Cllr Ford’s notice of motion says:

“Aberdeenshire Council shall give consideration to the feasibility of creating a significant visual arts, museum or other cultural facility as part of its redevelopment of the Harlaw Road site in Inverurie. The consideration process shall include seeking public views, establishing what external funding sources might be available and discussions with potential partners who may want to be involved (e.g. the local universities).”

Committee chair Cllr Alison Evison has confirmed Cllr Ford’s notice of motion will be included on the agenda for next week’s Education and Children’s Services Committee meeting.

Cllr Ford said:

“The motion doesn’t commit the Council to anything beyond an exploratory process. But it’s an exploratory process we should do, and we need to do it now before the site is master-planned.

“Essentially, the motion asks the Council to think about the possibilities, and have discussions with others. Why would it not do that?

“The motion is deliberately not prescriptive about the kind of facility. That needs to be discussed and a decision emerge from consultation and dialogue.

“Personally, I rather like the idea of an ‘Aberdeenshire Museum’, but that’s clearly just one possibility. I want to see what comes out of the discussion and consultation that I hope results from the motion I have tabled.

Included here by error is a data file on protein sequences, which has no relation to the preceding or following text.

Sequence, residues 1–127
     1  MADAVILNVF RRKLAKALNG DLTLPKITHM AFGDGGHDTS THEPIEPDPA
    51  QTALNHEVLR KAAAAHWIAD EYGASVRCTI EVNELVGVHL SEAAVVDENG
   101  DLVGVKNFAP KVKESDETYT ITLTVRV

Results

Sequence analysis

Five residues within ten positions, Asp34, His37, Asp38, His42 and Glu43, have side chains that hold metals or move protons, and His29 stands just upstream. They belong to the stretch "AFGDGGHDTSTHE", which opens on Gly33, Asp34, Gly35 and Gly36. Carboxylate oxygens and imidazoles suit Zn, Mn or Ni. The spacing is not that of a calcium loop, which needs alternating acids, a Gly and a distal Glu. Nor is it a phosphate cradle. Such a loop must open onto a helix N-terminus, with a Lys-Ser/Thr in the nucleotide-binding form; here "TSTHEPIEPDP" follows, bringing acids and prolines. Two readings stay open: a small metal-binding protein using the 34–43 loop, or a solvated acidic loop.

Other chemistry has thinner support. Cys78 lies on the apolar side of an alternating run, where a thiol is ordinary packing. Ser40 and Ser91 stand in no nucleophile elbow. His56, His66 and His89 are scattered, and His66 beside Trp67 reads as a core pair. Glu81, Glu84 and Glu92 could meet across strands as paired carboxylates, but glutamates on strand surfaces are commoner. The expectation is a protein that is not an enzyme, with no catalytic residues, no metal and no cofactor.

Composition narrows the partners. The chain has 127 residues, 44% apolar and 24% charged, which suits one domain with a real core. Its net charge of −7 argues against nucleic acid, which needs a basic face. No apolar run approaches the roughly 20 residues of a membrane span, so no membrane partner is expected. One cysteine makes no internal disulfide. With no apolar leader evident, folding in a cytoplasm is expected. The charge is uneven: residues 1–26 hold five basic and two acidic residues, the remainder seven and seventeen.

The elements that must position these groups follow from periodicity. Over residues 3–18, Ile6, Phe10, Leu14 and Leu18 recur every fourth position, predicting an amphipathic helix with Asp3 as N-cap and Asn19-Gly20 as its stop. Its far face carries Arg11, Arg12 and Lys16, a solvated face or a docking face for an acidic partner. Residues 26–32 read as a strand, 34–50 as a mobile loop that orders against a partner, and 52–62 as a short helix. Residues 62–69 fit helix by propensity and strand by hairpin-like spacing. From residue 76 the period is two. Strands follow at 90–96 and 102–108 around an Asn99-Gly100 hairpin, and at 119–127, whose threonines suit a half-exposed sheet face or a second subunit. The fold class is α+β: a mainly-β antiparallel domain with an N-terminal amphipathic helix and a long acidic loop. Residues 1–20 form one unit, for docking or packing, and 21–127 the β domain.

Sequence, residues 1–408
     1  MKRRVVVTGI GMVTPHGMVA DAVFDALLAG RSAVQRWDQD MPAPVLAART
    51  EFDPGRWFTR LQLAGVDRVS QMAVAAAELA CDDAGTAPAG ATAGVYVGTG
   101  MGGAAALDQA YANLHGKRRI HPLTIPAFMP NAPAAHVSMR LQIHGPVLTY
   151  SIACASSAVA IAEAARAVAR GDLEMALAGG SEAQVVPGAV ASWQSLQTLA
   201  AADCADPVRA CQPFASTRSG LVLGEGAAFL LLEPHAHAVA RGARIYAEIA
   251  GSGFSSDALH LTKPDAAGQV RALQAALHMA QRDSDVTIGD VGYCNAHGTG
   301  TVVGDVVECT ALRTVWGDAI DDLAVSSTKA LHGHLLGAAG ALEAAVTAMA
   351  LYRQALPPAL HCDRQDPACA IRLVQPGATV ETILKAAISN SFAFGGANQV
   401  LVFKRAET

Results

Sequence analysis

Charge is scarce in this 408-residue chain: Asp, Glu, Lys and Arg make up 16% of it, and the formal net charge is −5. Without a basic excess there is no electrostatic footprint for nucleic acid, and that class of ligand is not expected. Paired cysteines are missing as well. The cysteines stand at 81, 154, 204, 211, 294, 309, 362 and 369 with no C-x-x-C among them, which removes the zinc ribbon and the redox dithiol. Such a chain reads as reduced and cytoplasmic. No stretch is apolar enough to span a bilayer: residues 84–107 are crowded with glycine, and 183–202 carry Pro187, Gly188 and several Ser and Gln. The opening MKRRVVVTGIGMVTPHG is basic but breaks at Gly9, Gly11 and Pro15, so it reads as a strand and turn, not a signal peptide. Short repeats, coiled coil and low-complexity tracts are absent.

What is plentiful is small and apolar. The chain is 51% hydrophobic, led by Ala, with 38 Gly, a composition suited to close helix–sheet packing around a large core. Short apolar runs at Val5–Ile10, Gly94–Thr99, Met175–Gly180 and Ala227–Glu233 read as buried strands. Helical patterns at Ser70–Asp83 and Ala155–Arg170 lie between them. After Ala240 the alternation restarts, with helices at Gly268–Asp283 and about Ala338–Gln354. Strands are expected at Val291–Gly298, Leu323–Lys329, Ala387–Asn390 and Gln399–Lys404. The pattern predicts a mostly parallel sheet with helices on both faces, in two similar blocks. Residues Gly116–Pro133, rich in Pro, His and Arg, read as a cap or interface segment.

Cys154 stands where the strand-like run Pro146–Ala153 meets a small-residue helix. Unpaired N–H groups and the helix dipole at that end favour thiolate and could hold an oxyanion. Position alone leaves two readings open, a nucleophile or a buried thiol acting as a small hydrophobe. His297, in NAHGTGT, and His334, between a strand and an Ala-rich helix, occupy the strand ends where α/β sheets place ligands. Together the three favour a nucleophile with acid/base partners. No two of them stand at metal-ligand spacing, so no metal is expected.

“The point is, who would have predicted the V&A going to Dundee? Someone had to suggest it, against all reasonable expectation, and it happened.

“There is certainly room on the Harlaw Road site.

“A major cultural facility would bring significant benefits for the Aberdeenshire economy and tourism. It would also contribute to the quality of life for residents and raise the profile of the area.

“Clearly, funding will be an issue – which is why the motion asks the Council to look at external funding possibilities and open discussions with potential partners as part of an initial exploratory process.”

Cllr Paul Johnston said:

“This is a good idea. At this stage, agreeing the motion does not commit the Council to expenditure, it only opens the door to exciting possibilities.

“The Council should be keen to hear the public’s views.”

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Mar 122017
 

By Red Fin Hall.

A quick return visit from the manager-less Steelmen, but a harder match was to be expected than the 7-2 drubbing we handed out to them on the previous occasion.